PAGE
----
There is, I understand, a blogging phenomenon known as ‘newsjacking’, in which you get a post out on the coat-tails of some topical event, thereby (hopefully) sending your views sky high. It is this sort of thing that convinces me I have no journalistic skills: in search of a subject for the New Year I’ve found several half-written posts that might have fitted into that category – if I’d only got round to finishing them at the time. This one is dusted off from November.
Lancashire Day is celebrated on 27th November: founded by the Friends of Real Lancashire (FORL) it was chosen as the date in 1295 when the ancient and honourable county of Lancaster sent its first representatives to the ‘model’ Parliament of King Edward I. It’s the day when we celebrate our county’s history and achievements as well as all those things that makes it both distinctive and individual. All over the historic county, towns and villages will be holding events that mark them out as firmly rooted in Lancashire – whatever local government officials may say.
The reason for this, and the foundation of FORL, is the result of local government re-organisations in the Seventies, which pretty much made a mess of the UK’s 92 historic counties.
With traditional, and mostly medieval, forms of local government struggling under the population growth that followed the Industrial Revolution, nineteenth century Acts of Parliament established County Councils to administer the practicalities of day to day life in their region and, as the name suggests, jurisdiction was pretty much based on the historic county boundaries. Increasing growth throughout the twentieth century, however, meant that certain major cities, such as Manchester, Hull and Bristol, spilled over into adjoining counties, so that by 1972 it was deemed more practical to create separate regions of administration around them, such as Greater Manchester, Humberside and Avon. The towns and villages of South Lancashire were particularly badly affected: the creation of Merseyside (the area around Liverpool) and Greater Manchester (the area around Manchester) swallowed much of that part of the county and the ‘left-over’ area in the middle, and Warrington, now completely cut off from Lancashire, was tidily ‘moved’ into the jurisdiction of Cheshire County Council.
Athough it was stressed at the time that all this was for purposes of practical administration only, and that, though your town or village was now being ‘managed’ by Merseyside or Humberside as the case may be, you were still actually living within the historic county of Lancashire or Lincolnshire, confusion reigned. The media had a field day, Royal Mail adopted the new administrative areas for postal addresses and, of course, once computerisation took hold the errors were multiplied ad infinitum.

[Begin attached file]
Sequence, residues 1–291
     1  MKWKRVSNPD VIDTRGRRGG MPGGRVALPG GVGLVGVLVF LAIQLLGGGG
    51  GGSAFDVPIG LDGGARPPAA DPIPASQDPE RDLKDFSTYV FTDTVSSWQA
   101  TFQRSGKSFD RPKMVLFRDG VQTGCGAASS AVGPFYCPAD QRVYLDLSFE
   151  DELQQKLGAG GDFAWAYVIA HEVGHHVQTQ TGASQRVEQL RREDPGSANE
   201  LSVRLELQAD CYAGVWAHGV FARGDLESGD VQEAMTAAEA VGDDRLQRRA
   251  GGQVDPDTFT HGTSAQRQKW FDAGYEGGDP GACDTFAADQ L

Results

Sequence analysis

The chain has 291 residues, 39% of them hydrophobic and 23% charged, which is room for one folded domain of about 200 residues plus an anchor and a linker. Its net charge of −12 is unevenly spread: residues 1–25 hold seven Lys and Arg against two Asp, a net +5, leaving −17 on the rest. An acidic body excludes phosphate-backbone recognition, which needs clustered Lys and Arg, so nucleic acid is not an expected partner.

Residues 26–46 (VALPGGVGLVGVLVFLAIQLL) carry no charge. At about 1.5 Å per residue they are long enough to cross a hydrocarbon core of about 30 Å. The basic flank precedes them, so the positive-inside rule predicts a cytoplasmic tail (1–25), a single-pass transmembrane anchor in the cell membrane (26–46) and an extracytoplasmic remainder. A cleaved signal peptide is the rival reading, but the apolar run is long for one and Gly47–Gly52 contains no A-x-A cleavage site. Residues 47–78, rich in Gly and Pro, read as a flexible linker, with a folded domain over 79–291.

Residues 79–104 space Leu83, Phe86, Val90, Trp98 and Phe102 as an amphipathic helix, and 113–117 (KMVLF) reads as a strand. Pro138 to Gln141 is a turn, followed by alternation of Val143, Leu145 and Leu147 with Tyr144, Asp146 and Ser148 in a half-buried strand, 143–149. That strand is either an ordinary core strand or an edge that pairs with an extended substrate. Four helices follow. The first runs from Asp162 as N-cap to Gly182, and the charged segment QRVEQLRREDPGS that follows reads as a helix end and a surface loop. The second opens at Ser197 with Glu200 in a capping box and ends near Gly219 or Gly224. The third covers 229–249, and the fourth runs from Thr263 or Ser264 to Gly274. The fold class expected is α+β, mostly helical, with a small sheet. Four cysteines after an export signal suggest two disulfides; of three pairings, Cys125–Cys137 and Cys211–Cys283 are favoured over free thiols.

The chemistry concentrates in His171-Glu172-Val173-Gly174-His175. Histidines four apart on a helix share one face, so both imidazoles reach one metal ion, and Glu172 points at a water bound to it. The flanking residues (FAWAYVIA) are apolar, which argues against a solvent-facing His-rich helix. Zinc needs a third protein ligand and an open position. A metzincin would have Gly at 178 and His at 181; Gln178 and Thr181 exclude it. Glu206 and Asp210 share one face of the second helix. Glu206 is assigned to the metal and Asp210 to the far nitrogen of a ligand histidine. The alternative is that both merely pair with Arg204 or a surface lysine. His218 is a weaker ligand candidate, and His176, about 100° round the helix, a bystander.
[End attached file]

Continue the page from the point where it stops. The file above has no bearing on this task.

Many people, myself included, believed that as a result of these changes Warrington was no longer part of Lancashire and that the ancient county borders had actually been moved to rope it into Cheshire, something I heard a lot of complaints about throughout the Seventies. It was difficult to correct the idea with our services now being provided by, and branded, Cheshire County Council at all day-to-day levels; though the inhabitants of the Wirral Peninsula in Cheshire probably felt more annoyed about being shunted into an artificially created ‘Merseyside’. In terms of public relations the changes seem to have failed dismally.
Naturally, therefore, it wasn’t long before people decided they had had enough of this and the Association of British Counties was formed in 1989 ‘to fully re-establish the use of the historic counties as the standard popular geographical reference frame of Britain and to further encourage their use as a basis for social, sporting and cultural activities.’ From their website, they seem to be taking a pressure group approach, providing a good breakdown of the legislation and all the confusion in various articles, together with suggestions as to how cross-county local government administration could operate in tandem with the ancient geographical areas.
Another body, The Historic Counties Trust, seems to be taking a more scholarly approach; it ‘aims to promote public awareness of the history, geography, natural history, architecture and traditions of the historic counties of the UK.’ and has not only produced a fascinating gazetteer in which you can look up how your county has been described, but is also working on the Historic County Borders Project to produce a series of downloadable maps showing each county as it was before all the local government changes.
There is a particularly splendid description of Lancashire, in beautifully Wainwright-ish tones:
(transcribed by myself; copyright The Historic Counties Trust.)
50 LCS Lancashire